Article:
Case Hinges on Timing of Legislative Disqualification for Unexcused Absences
Measure 113, which voters overwhelmingly approved in 2022 to discourage legislative walkouts, underwent oral arguments last week before the Oregon Supreme Court. The court hearing resembled a middle school grammar class.
Five Republican senators are challenging the Secretary of State’s decision to bar them from running for re-election in 2024 based on their view of the actual wording of Measure 113. The Department of Justice attorney representing the secretary of state said it is more important to focus on what voters believed they were approving rather than an interpretation of the measure’s actual language.
The legal disagreement on language has the quality of an argument over where a comma should go in a sentence.
A federal judge has already rejected a challenge to Measure 113’s disqualification penalty.
What the Measure Says
This is the first paragraph of the measure: “Ballot Measure 113 amends the Oregon Constitution to create a constitutional ban on holding state legislative office, for one term, if a state Senator or Representative is absent without excuse ten or more times from floor session during any one legislative session. The Measure deems the failure to attend without excuse to be disorderly behavior and disqualifies the legislator from holding office after the legislator’s current term ends. A candidate may run for office in the next primary and general elections and win, but cannot hold office under this measure due to ten or more unexcused absences.”
The Republican plaintiffs contend the measure’s wording about disqualification is misleading. The attorney for the Secretary of State argues the ballot measure’s intent is clear.
Under questioning by Chief Justice Meagan Flynn, plaintiff attorney John DiLorenzo said most voters made up their mind based on a ballot title that “was not correct”. Dustin Buehler on behalf of the secretary of state, said the state Voters’ Pamphlet, campaign material and media stories fairly described the measure’s intent.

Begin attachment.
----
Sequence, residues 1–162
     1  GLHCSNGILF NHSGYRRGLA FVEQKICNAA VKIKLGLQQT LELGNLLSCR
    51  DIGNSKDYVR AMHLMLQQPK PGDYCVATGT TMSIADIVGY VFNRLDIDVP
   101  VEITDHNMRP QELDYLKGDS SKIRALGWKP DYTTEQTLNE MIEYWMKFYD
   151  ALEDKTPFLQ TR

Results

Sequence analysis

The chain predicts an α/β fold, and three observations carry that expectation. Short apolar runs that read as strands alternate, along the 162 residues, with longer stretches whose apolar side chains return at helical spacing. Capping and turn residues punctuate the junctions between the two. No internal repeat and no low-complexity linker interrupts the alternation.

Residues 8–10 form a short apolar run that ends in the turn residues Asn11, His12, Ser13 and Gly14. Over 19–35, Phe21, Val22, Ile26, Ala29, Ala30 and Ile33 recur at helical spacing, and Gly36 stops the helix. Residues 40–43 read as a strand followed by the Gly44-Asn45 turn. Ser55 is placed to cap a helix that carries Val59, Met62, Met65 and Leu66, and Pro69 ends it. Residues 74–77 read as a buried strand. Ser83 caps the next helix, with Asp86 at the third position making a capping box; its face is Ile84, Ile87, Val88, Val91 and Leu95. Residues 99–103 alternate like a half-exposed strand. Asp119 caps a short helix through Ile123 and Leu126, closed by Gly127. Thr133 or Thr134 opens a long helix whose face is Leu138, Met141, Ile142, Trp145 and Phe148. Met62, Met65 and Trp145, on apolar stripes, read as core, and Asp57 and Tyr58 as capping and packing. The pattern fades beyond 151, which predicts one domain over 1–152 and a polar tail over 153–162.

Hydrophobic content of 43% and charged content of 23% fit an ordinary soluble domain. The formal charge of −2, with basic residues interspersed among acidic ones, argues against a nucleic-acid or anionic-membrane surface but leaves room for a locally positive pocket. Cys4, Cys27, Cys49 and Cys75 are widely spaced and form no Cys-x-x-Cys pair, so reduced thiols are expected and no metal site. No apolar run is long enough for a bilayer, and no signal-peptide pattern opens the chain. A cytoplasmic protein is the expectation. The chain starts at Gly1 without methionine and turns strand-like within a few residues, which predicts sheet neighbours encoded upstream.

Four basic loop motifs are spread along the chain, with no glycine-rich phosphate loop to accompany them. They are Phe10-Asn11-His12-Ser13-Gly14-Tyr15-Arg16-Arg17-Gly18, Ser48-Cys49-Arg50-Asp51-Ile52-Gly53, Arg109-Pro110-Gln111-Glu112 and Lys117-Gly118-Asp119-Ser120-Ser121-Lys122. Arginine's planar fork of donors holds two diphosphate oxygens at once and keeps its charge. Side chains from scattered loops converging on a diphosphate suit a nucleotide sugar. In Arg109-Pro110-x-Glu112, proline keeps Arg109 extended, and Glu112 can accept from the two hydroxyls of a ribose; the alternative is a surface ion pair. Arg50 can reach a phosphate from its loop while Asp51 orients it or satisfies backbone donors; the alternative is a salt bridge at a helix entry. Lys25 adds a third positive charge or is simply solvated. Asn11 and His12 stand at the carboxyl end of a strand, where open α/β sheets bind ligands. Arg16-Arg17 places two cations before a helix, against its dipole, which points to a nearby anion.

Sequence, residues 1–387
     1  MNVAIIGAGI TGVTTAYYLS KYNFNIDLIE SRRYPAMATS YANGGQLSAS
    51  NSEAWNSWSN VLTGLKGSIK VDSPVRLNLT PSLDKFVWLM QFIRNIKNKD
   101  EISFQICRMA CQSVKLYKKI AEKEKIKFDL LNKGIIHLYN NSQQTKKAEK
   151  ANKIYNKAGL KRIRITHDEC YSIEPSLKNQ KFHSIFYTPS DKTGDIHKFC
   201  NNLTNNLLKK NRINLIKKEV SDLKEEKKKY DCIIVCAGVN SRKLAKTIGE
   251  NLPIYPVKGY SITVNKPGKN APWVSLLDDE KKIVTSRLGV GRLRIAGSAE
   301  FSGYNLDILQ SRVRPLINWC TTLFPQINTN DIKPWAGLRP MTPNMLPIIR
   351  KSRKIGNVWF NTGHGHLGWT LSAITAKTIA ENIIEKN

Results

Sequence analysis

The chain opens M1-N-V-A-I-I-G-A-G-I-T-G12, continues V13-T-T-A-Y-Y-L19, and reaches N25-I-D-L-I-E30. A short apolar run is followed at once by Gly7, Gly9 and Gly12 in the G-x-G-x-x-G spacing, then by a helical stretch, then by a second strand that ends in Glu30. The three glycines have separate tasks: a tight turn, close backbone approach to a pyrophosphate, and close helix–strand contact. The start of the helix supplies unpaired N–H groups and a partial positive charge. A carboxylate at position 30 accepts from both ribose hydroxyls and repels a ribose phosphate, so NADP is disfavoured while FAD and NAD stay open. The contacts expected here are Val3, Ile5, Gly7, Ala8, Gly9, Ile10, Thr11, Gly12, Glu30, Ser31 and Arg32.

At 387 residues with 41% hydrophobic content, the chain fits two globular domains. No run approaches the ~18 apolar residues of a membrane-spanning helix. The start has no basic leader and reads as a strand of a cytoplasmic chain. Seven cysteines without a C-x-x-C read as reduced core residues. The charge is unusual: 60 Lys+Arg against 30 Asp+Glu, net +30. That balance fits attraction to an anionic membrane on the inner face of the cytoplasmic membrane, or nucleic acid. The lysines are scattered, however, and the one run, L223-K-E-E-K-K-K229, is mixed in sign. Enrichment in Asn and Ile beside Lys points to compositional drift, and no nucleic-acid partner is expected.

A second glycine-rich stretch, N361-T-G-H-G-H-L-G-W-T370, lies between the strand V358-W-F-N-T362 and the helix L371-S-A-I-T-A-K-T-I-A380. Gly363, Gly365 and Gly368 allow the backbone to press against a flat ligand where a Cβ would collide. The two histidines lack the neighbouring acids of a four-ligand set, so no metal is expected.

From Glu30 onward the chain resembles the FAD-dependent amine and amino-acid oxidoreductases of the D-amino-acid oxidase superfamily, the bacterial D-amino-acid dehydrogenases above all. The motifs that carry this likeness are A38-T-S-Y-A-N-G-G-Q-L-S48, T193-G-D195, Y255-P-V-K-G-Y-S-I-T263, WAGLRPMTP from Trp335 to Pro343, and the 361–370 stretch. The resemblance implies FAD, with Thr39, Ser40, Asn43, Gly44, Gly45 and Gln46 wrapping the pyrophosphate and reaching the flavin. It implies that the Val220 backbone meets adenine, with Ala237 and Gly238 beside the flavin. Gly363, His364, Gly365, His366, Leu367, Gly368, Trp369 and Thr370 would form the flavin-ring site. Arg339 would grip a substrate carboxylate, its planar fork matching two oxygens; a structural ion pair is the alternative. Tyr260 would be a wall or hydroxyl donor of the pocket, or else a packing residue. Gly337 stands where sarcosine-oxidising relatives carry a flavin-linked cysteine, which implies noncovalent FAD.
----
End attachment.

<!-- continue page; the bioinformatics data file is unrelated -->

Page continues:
Almost 1.3 million Oregonians, 68 percent of the 2020 general election turnout, voted for Measure 113.
The Yes/No of the Measure
These 10 words in the “Yes” explanation of Measure 113 – “disqualifying legislators from re-election following the end of their term” – are the source of the disagreement. The Republican senators argue “re-election” refers to an election after their terms end, not in November 2024. The language would have been clearer if it said “disqualifying legislators from serving the next term if they are absent from 10 legislative floor sessions without permission or excuse.”
“This case presents a particularly good example of why a full analysis of text in context, with the benefit of relevant history, is essential to discerning and giving effect to voter intent,” Buehler said. “The question here is whether Measure 113 bars disqualified legislators from their immediate next term of office, or the term after their next term. Contrary to petitioners’ arguments, the text of Measure 113 is susceptible to multiple interpretations on that issue.”
Buehler added, “I’m sure the drafters (of the initiative) wish they could take a mulligan. [But I] encourage the Court not to let semantics get in the way of the voter’s intent.”
DiLorenzo countered, “In the Secretary and amici’s world, the words actually voted into the Constitution are of only secondary importance. They turn the Court’s constitutional methodology on its head. Under their methodology, if the ballot title, yes/no statements and Voters’ Pamphlet materials are clear, the Court need not even bother with the text of the amendment – it can simply apply the yes/no statements as written, even if they flatly contradict the text that the voters adopted.”
“I’m sure the drafters wish they could take a mulligan. But I encourage the Court not to let semantics get in the way of the voter’s intent.”
A Win and a Mulligan
Some observers believe the Supreme Court will side with Secretary of State LaVonne Griffin-Valade and keep the five senators, which includes current Senate Republican Leader Tim Knopp, off the 2024 ballot. Two other Republican senators with more than 10 unexcused absences chose to retire rather than join the Measure 113 challenge.
Regardless how the court rules, backers of Measure 113 are working on a new initiative that would make their previous handiwork less relevant. The new measure would change quorum requirements for the House and Senate to conduct business to a simple majority instead of the current two-thirds – 20 members in the Senate and 40 in the House. That change would make legislative walkouts by minority parties an ineffective strategy to block votes.